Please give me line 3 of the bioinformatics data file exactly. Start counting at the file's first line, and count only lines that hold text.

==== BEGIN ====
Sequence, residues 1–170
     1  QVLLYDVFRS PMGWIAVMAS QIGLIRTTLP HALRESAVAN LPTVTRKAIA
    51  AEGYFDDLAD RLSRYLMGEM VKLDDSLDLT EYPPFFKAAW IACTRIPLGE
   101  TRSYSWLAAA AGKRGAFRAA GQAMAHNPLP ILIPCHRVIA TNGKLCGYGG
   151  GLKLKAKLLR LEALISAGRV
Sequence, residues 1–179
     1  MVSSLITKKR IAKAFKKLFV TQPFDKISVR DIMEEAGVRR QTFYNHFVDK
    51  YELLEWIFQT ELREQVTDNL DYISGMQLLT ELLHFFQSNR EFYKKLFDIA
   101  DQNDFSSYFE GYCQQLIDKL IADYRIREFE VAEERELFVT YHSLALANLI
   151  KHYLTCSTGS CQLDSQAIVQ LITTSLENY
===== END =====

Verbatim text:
    51  AEGYFDDLAD RLSRYLMGEM VKLDDSLDLT EYPPFFKAAW IACTRIPLGE